PHILIPPINES
Songs, dances and Gospel stories bring Easter to life for orphans and elderly of Malolos
THAILAND
The testimony of lay Thais in formation of catechumens

Editor's choices
EGYPT - ISLAM
What Tayeb and Sisi said is big step towards a revolution in Islam
by Samir Khalil SamirThe grand imam of Al-Azhar slammed literalist interpretations of the Qur'an and the Sunnah, as fundamentalists and Islamic terrorists do. He supports the urgent need for Islam's reform, especially in terms of teaching lay people and clerics. He also calls for an end to mutual excommunication (takfir) between Sunnis and Shias. Egyptian President al-Sisi chose to fight the Islamic state group after it beheaded 21 Coptic Christians, whom he called "Egyptian citizens" with full rights.
SAUDI ARABIA - ISLAM
For head of Al-Azhar, religious education reform is needed to stop Islamic extremismFor Ahmed al-Tayeb, it is urgent to come up with new educational programmes to avoid "corrupt interpretations" of the Qur'an and Sunnah. Islamic terrorism undermines the unity of the Muslim world. He blames Mideast tensions on a "new global colonialism allied to world Zionism". a speech by the Saudi king is read at the conference.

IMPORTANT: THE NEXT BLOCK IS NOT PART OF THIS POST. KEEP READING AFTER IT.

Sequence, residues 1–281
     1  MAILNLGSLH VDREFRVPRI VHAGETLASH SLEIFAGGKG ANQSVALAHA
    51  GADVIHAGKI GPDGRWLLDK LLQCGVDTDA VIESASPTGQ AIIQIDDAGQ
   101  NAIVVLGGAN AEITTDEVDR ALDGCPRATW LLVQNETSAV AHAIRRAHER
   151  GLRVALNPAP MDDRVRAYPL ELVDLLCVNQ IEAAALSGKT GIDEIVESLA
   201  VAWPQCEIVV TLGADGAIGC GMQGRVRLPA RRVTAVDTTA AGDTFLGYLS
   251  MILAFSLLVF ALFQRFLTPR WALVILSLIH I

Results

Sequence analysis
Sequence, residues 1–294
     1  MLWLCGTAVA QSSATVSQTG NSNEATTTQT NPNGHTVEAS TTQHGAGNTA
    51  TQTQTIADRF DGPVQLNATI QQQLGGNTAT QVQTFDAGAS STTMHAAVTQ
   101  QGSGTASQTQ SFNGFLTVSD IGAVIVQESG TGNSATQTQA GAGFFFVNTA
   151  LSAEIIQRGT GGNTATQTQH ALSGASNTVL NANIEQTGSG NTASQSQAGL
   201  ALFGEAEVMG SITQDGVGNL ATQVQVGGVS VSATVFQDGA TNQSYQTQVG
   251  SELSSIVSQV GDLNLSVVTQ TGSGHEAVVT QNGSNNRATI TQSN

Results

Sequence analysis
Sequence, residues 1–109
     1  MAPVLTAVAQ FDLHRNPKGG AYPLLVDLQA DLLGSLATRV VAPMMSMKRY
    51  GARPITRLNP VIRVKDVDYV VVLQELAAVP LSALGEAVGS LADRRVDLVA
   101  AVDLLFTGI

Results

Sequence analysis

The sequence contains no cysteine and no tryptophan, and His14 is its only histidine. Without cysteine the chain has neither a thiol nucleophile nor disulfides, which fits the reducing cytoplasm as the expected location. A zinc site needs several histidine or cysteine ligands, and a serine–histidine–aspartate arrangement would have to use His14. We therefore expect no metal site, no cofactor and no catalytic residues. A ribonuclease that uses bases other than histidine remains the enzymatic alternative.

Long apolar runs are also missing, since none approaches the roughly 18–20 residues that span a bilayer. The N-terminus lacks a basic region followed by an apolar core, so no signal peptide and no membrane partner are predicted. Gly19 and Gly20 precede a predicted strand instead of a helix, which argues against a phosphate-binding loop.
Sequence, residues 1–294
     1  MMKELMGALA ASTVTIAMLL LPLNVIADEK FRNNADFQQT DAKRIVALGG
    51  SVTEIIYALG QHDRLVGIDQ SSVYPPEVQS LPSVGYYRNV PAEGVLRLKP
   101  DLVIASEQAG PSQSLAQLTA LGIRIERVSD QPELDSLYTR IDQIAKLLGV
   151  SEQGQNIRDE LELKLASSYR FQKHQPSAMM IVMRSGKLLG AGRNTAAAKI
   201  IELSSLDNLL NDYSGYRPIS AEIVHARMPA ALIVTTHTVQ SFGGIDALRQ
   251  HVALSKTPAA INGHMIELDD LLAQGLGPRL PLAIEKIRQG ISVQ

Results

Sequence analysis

HONG KONG - CHINA - VATICAN
It looks like someone is trying to shout us down
by Card. Joseph Zen Ze-kiunThe widespread optimism concerning the dialogue between the Holy See and China is largely groundless. Some Chinese bishops unable to speak freely are asked "leading" questions. The key issues remain unresolved, namely episcopal appointments and the fate of the Chinese Catholic Patriotic Association. Benedict XVI's Letter to Chinese Catholics, also cited by Pope Francis, provides guidelines. No agreement is better than a bad agreement. What happened to Msgr. Cosma Shi Enxiang and Msgr. James Su Zhimin? Hong Kong's bishop emeritus, champion of religious freedom in China, delivers a vibrant reflection.

Dossier

by Giulio Aleni / (a cura di) Gianni Criveller
pp. 176